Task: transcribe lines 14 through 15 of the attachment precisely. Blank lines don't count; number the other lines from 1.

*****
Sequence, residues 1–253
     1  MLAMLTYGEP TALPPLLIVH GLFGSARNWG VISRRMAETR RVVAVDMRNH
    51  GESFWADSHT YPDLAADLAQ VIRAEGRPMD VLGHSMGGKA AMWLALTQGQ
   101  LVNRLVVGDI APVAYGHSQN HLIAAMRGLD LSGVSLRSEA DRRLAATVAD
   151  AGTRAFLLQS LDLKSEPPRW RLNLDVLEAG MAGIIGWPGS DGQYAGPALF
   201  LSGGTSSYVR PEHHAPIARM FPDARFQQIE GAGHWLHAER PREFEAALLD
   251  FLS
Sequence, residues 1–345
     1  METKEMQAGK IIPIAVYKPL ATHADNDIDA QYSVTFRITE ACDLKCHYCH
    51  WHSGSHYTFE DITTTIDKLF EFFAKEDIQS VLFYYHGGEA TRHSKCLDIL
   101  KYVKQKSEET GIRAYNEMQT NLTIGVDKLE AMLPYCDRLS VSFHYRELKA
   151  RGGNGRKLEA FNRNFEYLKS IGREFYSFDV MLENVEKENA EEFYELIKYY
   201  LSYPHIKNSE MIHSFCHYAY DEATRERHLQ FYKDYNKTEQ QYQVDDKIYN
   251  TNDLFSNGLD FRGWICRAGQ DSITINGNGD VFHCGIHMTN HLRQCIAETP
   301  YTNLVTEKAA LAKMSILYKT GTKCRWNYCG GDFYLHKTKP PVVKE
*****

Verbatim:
   251  TNDLFSNGLD FRGWICRAGQ DSITINGNGD VFHCGIHMTN HLRQCIAETP
   301  YTNLVTEKAA LAKMSILYKT GTKCRWNYCG GDFYLHKTKP PVVKE